Can the game help the teens get to the “harbor of safety” in reality?
Who would target their easy-going scientist and doctor parents with bombs?
What did Uncle Henry mean about “introducing them to the family business”?

This first book in the Lost Tribes series takes readers on a wide-ranging adventure as the five youths of different cultural backgrounds must use their individual talents together to keep the universe in balance.
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Multicultural Children’s Book Day (27 Jan 2018) is in its 5th year and was founded by Valarie Budayr from Jump Into A Book and Mia Wenjen from PragmaticMom.

Our mission is to raise awareness of the ongoing need to include kids’ books that celebrate diversity in home and school bookshelves while also working diligently to get more of these types of books into the hands of young readers, parents and educators.

MCBD 2018 is honored to have some amazing Sponsors on board. View our 2018 MCBD Medallion Sponsors here: http://multiculturalchildrensbookday.com/2106-sponsors/mcbd2018-medallion-level-sponsors/ View our 2018 MCBD Author Sponsors here: http://multiculturalchildrensbookday.com/2106-sponsors/2018-author-sponsors/

We’d like to also give a shout-out to MCBD’s impressive CoHost Team who not only hosts the book review link-up on celebration day, but who also works tirelessly to spread the word of this event. View our CoHosts: http://multiculturalchildrensbookday.com/about/co-hosts/

Tut: The Story of My Immortal Life, by PJ Hoover (book review) – pharoah in junior high?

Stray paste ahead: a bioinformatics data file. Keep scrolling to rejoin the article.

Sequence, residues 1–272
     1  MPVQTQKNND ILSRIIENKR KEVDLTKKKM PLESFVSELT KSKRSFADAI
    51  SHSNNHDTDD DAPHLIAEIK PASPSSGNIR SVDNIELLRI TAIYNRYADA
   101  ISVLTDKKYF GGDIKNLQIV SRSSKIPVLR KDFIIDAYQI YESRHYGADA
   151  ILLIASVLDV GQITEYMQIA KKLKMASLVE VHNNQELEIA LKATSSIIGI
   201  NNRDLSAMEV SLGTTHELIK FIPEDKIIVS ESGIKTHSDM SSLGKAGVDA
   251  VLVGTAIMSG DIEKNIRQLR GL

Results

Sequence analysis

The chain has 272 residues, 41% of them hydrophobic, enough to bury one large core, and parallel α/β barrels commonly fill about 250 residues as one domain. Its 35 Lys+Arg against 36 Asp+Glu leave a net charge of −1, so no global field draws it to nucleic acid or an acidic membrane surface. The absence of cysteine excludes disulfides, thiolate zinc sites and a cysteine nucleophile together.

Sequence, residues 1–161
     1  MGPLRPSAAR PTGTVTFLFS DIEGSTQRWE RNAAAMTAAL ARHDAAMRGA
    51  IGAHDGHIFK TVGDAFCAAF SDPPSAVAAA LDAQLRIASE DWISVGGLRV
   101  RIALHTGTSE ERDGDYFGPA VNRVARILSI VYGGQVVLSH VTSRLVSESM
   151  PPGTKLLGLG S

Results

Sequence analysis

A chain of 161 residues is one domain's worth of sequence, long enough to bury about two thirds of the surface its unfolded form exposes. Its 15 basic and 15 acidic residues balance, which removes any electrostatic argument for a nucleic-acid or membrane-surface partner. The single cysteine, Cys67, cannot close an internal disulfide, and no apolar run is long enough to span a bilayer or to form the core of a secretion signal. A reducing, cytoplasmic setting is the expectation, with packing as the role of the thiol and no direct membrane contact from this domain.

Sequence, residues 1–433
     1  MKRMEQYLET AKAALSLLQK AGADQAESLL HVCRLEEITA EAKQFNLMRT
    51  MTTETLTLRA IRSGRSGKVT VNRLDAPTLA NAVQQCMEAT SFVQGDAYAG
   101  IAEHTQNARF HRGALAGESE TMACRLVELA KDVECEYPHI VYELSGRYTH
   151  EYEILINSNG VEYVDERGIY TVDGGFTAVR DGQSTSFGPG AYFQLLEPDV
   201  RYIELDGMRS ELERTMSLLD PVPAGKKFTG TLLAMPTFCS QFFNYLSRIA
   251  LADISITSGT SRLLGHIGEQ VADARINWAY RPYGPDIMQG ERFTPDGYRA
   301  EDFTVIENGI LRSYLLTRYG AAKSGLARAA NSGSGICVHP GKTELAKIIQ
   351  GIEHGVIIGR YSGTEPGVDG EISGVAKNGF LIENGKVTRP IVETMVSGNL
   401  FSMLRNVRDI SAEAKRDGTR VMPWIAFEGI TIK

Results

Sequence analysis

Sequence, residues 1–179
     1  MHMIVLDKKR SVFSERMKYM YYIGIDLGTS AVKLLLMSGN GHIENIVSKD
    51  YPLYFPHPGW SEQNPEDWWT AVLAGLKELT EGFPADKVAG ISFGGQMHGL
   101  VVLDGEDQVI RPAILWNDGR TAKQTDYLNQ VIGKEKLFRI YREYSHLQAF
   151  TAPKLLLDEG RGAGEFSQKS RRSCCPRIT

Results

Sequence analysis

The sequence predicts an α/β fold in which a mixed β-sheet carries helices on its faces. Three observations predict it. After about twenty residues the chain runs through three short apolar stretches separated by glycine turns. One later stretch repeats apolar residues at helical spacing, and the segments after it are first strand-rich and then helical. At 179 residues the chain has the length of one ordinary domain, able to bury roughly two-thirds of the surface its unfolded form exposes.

book cover of Tut My Immortal Life by PJ Hoover published by StarscapeRuling as powerful pharaoh – yay!
Becoming immortal – cool!
Stuck in middle school for eternity – ughhh!

And Tut’s forever-13-life becomes more complicated as a cult dedicated to evil god Set targets monuments in Washington DC, the general who killed his father is after him, and a mortal classmate gets involved in the hunt!

Lots of Egyptian gods hanging around the US Capitol these days, it seems…

Be sure to check out the book trailer here and the author’s website where you can visit the novel’s world in Minecraft, play games, and solve puzzles.

Would you let a friend join you in a dangerous quest?
**kmm

Book info: Tut: The Story of My Immortal Life / PJ Hoover. Starscape, 2014. [author site]  [publisher site]  [book trailer] Review copy and cover image courtesy of the publisher.

My book talk: Immortal teen Tut suddenly has bigger problems than an overprotective guardian and middle school bullies as the man who killed his father centuries ago reappears as head of an evil-worship cult in present-day DC.

Rescued by the god Osiris from assassination, now Tut lives with a golden scarab heart, forever age 13. Centuries later, his middle school’s field trip turns ugly when “Tut’s Tomb” exhibit includes dark god Set, much hated by the real Tut.

Scarabs swarming everywhere, exploding obelisk monuments, and too much attention from kids at school – many eerie things are happening in Washington DC.